The objective of this study was to analyze the cross-sectional and longitudinal association between pain catastrophizing and opioid misuse, opioid use, and opioid dose in people with chronic musculoskeletal pain. For this systematic review, CINAHL, Embase, PsycINFO, PubMed, manual searches, and grey literature were searched from inception to May 2020. Observational studies were included if they evaluated the association between pain catastrophizing and opioid dose, opioid use, and/or opioid misuse in people with chronic musculoskeletal pain. Two reviewers independently performed the study selection, data extraction, risk of bias assessment, and the certainty of the evidence judgment. Seven observational studies (all cross-sectional designs) satisfied the eligibility criteria, with a total sample of 2,160 participants. Pain catastrophizing was associated with opioid misuse. The results were inconsistent regarding the association between pain catastrophizing and opioid use. A lack of association was found considering pain catastrophizing and the opioid dose. However, the presence of risk of bias and imprecision was serious across the included studies, and therefore, the overall certainty of the evidence was judged as very low for all the outcome measures. This report concludes that pain catastrophizing seem to be associated with opioid misuse in people with chronic musculoskeletal pain. However, the very low certainty of the current evidence confers to interpret the finding of this review as exclusively informative. PERSPECTIVE: This article shows that pain catastrophizing seem to be associated with opioid misuse in people with chronic musculoskeletal pain. The overall certainty of the evidence was judged to be very low, thus, these results should be interpreted with caution.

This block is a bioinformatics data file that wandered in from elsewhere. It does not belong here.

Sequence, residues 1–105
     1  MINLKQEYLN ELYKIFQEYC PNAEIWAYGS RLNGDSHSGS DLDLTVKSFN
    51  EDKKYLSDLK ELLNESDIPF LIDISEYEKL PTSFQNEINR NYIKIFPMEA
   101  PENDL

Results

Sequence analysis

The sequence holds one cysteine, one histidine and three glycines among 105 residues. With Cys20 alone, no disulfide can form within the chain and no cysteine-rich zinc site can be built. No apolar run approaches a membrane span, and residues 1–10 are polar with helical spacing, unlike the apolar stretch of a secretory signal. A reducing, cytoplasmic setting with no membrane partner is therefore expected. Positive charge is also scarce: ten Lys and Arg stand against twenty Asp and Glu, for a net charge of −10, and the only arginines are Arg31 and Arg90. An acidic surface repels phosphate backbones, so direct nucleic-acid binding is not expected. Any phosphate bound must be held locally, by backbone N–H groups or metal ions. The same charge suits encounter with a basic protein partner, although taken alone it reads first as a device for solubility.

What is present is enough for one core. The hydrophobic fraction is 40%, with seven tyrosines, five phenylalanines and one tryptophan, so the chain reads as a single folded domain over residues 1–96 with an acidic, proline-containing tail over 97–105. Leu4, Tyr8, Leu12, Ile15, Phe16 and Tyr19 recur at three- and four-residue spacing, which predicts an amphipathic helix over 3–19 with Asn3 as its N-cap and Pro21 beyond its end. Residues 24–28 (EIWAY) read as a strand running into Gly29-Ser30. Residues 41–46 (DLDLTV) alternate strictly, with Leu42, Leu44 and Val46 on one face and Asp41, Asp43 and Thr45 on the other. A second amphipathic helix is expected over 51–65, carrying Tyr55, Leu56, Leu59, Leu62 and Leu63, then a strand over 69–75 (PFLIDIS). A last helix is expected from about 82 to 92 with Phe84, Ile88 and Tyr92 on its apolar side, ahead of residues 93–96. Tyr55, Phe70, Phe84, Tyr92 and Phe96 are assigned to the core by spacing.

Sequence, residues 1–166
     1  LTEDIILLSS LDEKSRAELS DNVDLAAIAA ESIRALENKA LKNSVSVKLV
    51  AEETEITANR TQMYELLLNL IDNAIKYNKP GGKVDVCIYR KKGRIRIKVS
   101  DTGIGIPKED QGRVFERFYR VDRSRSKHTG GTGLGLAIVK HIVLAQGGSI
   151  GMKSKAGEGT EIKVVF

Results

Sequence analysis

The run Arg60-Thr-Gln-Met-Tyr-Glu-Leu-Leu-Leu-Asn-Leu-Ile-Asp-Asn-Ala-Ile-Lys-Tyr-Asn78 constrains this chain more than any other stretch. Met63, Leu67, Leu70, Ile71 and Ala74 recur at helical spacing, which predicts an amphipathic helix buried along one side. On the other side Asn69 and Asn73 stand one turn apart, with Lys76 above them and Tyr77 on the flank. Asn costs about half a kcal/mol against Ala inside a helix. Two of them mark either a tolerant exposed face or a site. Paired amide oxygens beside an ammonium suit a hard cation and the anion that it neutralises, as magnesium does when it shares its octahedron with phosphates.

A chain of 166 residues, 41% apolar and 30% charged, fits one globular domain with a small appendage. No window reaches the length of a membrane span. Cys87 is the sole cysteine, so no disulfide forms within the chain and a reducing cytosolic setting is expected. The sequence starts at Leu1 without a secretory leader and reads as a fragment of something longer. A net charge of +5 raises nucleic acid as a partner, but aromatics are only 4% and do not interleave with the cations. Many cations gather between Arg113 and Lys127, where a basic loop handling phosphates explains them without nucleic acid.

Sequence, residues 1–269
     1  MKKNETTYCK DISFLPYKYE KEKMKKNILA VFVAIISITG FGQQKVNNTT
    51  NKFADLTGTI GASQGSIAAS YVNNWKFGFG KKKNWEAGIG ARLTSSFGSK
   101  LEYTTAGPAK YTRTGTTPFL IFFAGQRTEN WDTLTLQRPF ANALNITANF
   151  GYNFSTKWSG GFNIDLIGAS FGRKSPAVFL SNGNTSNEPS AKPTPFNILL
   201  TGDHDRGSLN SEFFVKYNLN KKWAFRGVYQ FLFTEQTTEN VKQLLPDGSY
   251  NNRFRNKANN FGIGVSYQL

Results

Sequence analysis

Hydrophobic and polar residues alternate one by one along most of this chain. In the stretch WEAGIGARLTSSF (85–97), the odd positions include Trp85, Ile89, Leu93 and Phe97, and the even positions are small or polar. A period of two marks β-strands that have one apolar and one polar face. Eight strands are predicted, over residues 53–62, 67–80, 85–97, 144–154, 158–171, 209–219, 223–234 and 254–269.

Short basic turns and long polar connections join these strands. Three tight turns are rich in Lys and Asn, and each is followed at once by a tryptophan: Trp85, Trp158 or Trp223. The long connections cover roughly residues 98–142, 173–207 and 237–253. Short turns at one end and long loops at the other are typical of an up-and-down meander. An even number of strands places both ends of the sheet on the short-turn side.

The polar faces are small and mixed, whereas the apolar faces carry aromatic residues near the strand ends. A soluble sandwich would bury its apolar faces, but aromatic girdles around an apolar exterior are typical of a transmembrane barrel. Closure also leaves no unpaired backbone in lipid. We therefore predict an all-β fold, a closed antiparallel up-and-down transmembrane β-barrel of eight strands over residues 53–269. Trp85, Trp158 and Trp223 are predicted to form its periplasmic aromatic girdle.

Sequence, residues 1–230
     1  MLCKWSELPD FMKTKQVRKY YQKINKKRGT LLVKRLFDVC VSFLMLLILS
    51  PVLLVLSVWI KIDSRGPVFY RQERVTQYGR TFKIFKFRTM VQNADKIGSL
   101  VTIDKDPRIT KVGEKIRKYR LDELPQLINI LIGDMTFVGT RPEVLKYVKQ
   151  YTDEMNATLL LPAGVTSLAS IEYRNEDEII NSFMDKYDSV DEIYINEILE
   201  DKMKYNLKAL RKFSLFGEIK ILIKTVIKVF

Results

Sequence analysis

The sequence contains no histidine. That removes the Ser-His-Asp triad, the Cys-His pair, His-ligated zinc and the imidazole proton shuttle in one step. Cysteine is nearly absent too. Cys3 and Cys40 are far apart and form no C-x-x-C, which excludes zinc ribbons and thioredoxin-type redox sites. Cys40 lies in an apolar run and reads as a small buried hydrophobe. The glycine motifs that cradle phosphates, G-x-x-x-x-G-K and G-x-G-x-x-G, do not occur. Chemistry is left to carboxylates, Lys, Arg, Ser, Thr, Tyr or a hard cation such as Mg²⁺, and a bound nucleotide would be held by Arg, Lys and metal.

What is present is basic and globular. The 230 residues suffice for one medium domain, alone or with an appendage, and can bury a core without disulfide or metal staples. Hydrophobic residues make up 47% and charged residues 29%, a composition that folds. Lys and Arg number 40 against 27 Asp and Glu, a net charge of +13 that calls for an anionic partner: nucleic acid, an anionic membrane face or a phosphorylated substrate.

About The Expert
Jose Miguel Morales-Asencio